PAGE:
The not-so-Humane Society
Seems the cute and cuddly creatures aren't the only ones feeling caged at the Toronto Humane Society.
Five weeks into a bitter strike, allegations of sexual harassment of staffers and mistreatment of animals are being levelled at management by unionized employees and volunteers. Some of the complaints have been aired on www.savetheths.com, a website started by a former volunteer who was let go.
Gwen Painter, shop steward for Teamsters Union 419, which represents 30 workers at the THS, says it's a dangerous place to work. Dog bites are a daily hazard at the non-profit, which ranks in the top 2 per cent for workplace injuries in Ontario.
Those charging sexual harassment, according to the union, include two employees who have filed grievances, and a third non-unionized woman who has filed a complaint with the Ontario Human Rights Commission.
THS president Tim Trow says he's aware of the grievances, but he notes that a former manager involved in one case hasn't worked there for a while. He expresses surprise that health and safety are a priority of the union. Trow recently issued a statement saying a 5 per cent wage increase over two years, scheduling and the availability of parking spaces are the main issues in the strike.
He says workers receive rabies shots and equipment such as special gloves and nets, and dog poles are readily available. "Nips and scratches," he says, come with the territory. "No one is forced to handle anything they're uncomfortable with."
One shelter volunteer claims dogs have died or been neglected. A small percentage of dogs will die, counters Trow, because many arrive sick.
The Ontario Society for Prevention of Cruelty to Animals has also been in to investigate the union's claims. Trow says the OSPCA "had different views on how animals should be cared for."
While the Humane Society says it's interested in talking about health and safety issues, it may be a while before this strike's settled.
Management is demanding that all harassment complaints be dropped before a contract is signed. But Painter says the union will not withdraw them.
Cops flogging a dead horse
Etobicoke Councillor Gloria Lindsay Luby says the Criminal Code has blinders on when it comes to protecting police horses.
Taking her cue from the public outcry over Brigadier, the cop horse that died in the line of duty last month, Lindsay Luby says she wants the Justice Department to amend the Code to make harming any police or government animal an indictable offence.
Says Lindsay Luby, "It's unfair that someone deliberately harms one of our law enforcement service animals and would get nothing more than a slap on the wrist and a small fine."
Justice spokesperson Christian Girouard says the Criminal Code already provides penalties for endangering other animals or causing unnecessary suffering, making no distinction between police or other horses.
Animal rights activists wonder why police horses are deliberately being put in harm's way in the first place, whether policing protests or patrolling the streets. Toronto Animal Rights Society director John Ewasyn says we should be taking horses "out of the policing equation."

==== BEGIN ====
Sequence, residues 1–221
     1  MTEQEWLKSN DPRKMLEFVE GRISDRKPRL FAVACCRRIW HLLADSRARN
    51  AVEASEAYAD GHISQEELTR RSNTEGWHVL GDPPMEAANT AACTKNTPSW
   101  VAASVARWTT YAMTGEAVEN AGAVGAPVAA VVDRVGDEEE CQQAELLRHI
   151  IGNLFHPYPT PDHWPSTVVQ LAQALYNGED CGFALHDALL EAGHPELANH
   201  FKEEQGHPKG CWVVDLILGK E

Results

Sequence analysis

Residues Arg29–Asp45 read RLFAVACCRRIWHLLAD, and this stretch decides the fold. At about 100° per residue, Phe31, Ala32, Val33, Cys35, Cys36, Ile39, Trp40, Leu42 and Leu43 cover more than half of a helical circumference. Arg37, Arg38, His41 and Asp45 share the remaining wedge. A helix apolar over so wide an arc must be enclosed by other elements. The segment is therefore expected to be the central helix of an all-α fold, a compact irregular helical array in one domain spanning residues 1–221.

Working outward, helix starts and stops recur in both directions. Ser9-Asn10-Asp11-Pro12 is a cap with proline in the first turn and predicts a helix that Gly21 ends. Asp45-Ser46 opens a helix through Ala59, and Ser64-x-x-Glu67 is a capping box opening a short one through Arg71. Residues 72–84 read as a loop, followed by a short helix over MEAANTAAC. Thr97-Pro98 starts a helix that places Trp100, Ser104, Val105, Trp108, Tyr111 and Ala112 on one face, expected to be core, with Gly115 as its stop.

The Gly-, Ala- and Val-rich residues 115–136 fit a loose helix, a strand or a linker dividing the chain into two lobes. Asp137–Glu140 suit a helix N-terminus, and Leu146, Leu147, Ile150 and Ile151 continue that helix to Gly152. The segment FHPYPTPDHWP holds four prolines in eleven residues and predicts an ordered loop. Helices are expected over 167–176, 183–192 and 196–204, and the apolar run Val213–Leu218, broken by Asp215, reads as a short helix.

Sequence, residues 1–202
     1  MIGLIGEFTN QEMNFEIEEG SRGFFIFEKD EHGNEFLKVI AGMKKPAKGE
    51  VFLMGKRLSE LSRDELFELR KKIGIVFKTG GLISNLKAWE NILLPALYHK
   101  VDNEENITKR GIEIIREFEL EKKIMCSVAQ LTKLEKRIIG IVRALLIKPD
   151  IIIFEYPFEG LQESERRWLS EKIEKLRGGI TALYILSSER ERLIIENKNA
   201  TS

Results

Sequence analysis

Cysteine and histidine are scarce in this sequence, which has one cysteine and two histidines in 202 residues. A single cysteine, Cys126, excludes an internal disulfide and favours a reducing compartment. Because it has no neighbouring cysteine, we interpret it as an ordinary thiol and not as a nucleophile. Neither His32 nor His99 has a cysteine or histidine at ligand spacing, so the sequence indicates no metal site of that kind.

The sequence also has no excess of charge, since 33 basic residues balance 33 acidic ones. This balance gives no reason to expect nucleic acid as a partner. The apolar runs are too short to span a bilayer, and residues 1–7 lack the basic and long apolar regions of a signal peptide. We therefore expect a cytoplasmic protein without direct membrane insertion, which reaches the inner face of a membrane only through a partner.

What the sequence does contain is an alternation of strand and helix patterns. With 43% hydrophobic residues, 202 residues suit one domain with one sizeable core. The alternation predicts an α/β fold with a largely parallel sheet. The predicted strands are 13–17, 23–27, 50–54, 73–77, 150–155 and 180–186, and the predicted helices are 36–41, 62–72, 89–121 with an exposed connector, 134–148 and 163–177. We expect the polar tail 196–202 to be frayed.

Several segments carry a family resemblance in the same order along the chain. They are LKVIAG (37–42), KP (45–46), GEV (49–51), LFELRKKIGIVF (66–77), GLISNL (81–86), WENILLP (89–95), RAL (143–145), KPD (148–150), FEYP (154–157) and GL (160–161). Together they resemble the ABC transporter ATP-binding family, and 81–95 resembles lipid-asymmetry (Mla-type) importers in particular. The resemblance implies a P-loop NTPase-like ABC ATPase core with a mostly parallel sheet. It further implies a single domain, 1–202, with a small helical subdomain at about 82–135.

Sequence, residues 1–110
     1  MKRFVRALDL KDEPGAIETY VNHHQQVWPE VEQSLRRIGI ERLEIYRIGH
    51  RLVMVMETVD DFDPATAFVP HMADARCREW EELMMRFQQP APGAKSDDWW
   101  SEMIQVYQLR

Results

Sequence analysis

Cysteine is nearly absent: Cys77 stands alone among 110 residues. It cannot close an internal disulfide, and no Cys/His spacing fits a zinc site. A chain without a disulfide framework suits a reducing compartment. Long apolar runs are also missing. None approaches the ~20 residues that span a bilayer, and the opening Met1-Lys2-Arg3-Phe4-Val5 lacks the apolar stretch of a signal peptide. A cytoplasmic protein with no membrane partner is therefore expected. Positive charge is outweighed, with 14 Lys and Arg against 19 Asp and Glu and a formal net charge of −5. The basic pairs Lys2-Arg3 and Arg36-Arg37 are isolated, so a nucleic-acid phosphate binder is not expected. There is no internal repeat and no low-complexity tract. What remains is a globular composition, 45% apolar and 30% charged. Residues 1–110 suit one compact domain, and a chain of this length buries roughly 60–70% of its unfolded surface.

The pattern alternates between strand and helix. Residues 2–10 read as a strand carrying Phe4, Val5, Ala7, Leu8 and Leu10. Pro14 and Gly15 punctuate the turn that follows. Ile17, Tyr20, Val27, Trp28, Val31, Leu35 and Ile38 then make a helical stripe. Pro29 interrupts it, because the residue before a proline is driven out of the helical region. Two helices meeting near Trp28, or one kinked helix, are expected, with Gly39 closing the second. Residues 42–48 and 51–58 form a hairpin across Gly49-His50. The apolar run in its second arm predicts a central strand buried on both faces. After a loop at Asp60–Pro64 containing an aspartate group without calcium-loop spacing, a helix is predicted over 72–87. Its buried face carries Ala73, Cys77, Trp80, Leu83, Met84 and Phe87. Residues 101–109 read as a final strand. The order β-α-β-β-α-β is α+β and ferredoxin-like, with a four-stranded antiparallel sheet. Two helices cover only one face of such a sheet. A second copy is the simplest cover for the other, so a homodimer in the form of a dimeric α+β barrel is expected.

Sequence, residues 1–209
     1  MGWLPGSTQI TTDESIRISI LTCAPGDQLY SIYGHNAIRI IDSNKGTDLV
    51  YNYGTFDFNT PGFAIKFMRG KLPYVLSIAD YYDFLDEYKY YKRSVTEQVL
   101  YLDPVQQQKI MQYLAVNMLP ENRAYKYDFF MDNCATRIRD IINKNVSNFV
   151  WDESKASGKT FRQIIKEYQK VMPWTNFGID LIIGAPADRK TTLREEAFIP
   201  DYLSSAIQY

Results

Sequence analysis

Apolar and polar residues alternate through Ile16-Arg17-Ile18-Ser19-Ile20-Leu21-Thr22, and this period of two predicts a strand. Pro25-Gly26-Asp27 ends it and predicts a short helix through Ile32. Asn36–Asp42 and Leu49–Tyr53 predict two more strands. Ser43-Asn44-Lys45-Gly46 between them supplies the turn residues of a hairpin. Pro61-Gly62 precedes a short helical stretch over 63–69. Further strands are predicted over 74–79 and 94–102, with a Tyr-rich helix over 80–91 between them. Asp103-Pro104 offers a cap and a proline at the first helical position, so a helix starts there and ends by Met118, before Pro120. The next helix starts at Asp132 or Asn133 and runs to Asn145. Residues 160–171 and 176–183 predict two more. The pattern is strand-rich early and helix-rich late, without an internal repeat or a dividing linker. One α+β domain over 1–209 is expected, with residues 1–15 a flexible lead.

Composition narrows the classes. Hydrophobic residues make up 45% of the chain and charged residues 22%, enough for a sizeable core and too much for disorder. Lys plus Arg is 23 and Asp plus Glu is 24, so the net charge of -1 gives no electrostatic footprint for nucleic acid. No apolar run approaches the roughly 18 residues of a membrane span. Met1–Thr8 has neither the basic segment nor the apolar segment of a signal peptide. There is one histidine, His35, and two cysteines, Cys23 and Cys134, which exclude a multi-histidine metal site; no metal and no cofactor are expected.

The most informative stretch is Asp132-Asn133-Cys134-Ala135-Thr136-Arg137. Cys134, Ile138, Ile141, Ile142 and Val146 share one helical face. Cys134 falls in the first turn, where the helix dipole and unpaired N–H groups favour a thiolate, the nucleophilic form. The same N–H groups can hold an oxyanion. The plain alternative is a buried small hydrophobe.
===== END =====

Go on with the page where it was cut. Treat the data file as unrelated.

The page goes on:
Toronto Police Services is backing Lindsay Luby's efforts and won't get off its high horse on this one just yet. Says mounted unit Sergeant Peter Spurling, policing on the back of a beast "can get you into spaces a car can't, offers a more commanding presence than a bicycle and an effective and peaceful way to move unruly crowds."
Adds Dan Sandor , webmaster of brigadierslaw.ca, which includes a blog, news and photos of the deceased Belgian cross, "A regular dog or horse doesn't get put in the line of fire every day. So within reason, we must protect the animals working on the job."
Port lands power play
Opponents of the Portlands Energy Centre gas plant planned for the waterfront played the health card at Woodgreen Community Centre Monday, March 27.
Some 60 seniors, the majority of them Chinese Canadian, crammed into a meeting room to hear about how the plant could send them to the hospital.
"Being seniors, you know in the summertime how difficult it is to breathe sometimes," area Councillor Paula Fletcher told the crowd.
Public health nurse Betty Wu-Lawrence flashed cancer warning signs, which seemed to make people shift uncomfortably in their seats.
"We have to be careful what we eat and drink already. We shouldn't have to worry about what we breathe," she said. "In this neighbourhood, we have childbearing women who don't know what the issues are."
Trinity-Spadina NDP MP Olivia Chow asked, "Why do we need to reindustrialize the waterfront? It's hugely expensive and an environmental degradation. There are other alternatives."
The Chinese Chamber of Commerce organized the meeting as part of an effort to boost the campaign of Peter Tabuns, who's running for the NDP in a provincial by-election in Toronto-Danforth.
Tabuns predicted the province would put another plant in the area within 10 years. "This is the beginning of the end," he said.